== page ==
Press Play is now available on the website and YouTube of Theatre Royal Stratford East. All five of these short monologues take their cue from the pandemic and have moments of transformation and political comments. In this third lockdown, we meet the diverse people of east London, and get a snapshot into their disrupted lives.
In Le Cabaret De Rien, we find our lone young man whiling away the lonely hours, with ice cream, music, puppets, and a fetching onesie. Add a bit of sparkle and the tears of a clown in your own home and let your imagination run wild.
A clever mime which transcends language barriers leads into a cabaret performance par excellence, bringing back the torch songs and movie scenes of wartime and beyond.
Written and perfomed by Alex Luttley, who is rather marvellous and has such expressive eyes, and directed by Sita Thomas.
In Jack and the Beanstalk Pocket Panto,Nick Holder performs as Dame Trott, and Eva Sampson directs. As our panto dame begins to reminisce in front of the theatre, we wonder what does a dame out of work do in the lockdown?
In this retelling of the fairy tale from mum’s perspective, we hear about the “hairy, horrid and hungry”BoJo monster who took her husband away. This is politically pulsing and right on the gender pulse: Jack is Jacqueline, not the usual doltish son.
This is fun in miniature at seventeen minutes, and aims its barbs well. One “Com Dumplings”, indeed, gets the biggest boos, and Holder is a lively dame and all the supplementary characters.
Meet Mo by Leo Butler stars Jenny Galloway and is directed by Eva Sampson. A sixteen minute piece with music, as grandma Mo talks about her life and family.
She’s in her living room with armchair, rug, table, and lamp. The music is uplifting and warm, and the lyrics are funny, “where is this effing vaccine”. It plays like a wartime singalong and Mo is a trouper despite being stuck in by the twin evils of “austerity and COVID”.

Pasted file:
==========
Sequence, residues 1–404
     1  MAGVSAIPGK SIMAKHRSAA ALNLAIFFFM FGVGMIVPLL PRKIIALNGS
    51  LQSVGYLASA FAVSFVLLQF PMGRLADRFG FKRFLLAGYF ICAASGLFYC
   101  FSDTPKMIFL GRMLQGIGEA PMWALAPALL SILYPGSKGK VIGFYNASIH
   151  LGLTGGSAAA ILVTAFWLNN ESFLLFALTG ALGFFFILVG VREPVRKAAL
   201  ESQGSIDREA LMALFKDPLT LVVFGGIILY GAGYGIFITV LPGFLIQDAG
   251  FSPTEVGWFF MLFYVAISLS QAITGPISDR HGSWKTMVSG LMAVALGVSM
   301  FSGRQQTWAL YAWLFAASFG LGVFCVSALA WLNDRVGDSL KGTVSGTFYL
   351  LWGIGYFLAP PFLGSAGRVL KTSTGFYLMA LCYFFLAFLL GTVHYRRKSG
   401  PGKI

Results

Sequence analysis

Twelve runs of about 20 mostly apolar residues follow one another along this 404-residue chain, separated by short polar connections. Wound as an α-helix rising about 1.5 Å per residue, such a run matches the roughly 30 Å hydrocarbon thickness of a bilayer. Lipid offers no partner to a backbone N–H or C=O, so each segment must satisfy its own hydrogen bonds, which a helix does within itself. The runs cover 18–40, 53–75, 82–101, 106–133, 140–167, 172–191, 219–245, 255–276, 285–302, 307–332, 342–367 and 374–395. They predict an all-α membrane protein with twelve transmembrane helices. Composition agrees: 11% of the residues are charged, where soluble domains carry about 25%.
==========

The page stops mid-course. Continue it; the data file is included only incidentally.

Galloway, a former Mme Thenardier in Les Misérables, brings a strong and determined focus to Mo, who sees all the governmental and scientifc shenanigans around her.
Ribena is set indoors, in front of Littlewood’s maxim “My life was buikt on the rock of change”, and extols the virtues of the blackcurrant drink over its rival, Vimto. “Pure purple.”
It’s just eleven minutes of reliability, familiarity and just a hint of danger. This plays nudges into BLM territory, and the environment. It’s a love affair with the colour purple but also with the resilience of those who have to deal with casual racism and targeted jingoism every day.
Daniel Ward writes and performs, in a powerful piece touching on COVID, the recession, Brexit, Trump and Johnson, briskly directed by Eva Sampson.
Romani Girl, written by Ambreen Razia, and directed by Sita Thomas, stars Fatima Abukar in a fifteen minute piece.
She’s in casual clothes and hijab, chatting about friends, mums, and growing up. A typical teenager in many ways, feeling fear, falling in love, dealing with confusion, and being ghosted by her best friend.
She’s in the theatre’s foyee, loos, cafe, backstage, and out on the terrace. Abukar engages well with the camera, and wandering around the empty stage.
With an intermittent drumbeat we hear her story, and get under her skin, punctuated by some thoughtful imagery: “life is temporary, love is forever; “mascara like a nest of dead spiders”; “shame will never be your friend.”
You can watch the shows in the Press Play Here series for free here until 17 February.